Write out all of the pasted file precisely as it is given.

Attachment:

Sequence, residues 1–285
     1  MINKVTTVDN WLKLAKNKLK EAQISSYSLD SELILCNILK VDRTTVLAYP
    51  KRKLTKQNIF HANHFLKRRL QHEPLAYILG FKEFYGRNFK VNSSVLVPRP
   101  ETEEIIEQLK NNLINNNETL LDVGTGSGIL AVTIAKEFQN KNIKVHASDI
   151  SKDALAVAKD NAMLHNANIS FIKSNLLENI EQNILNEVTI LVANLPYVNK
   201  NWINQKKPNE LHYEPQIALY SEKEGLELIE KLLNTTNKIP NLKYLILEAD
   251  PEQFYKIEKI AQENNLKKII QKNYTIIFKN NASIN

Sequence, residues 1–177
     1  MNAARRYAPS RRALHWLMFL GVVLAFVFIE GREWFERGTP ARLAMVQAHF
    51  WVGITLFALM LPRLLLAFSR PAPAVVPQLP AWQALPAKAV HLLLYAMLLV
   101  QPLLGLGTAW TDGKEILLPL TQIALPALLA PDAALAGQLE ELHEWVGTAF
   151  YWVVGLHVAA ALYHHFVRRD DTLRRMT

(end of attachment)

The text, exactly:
Sequence, residues 1–285
     1  MINKVTTVDN WLKLAKNKLK EAQISSYSLD SELILCNILK VDRTTVLAYP
    51  KRKLTKQNIF HANHFLKRRL QHEPLAYILG FKEFYGRNFK VNSSVLVPRP
   101  ETEEIIEQLK NNLINNNETL LDVGTGSGIL AVTIAKEFQN KNIKVHASDI
   151  SKDALAVAKD NAMLHNANIS FIKSNLLENI EQNILNEVTI LVANLPYVNK
   201  NWINQKKPNE LHYEPQIALY SEKEGLELIE KLLNTTNKIP NLKYLILEAD
   251  PEQFYKIEKI AQENNLKKII QKNYTIIFKN NASIN

Sequence, residues 1–177
     1  MNAARRYAPS RRALHWLMFL GVVLAFVFIE GREWFERGTP ARLAMVQAHF
    51  WVGITLFALM LPRLLLAFSR PAPAVVPQLP AWQALPAKAV HLLLYAMLLV
   101  QPLLGLGTAW TDGKEILLPL TQIALPALLA PDAALAGQLE ELHEWVGTAF
   151  YWVVGLHVAA ALYHHFVRRD DTLRRMT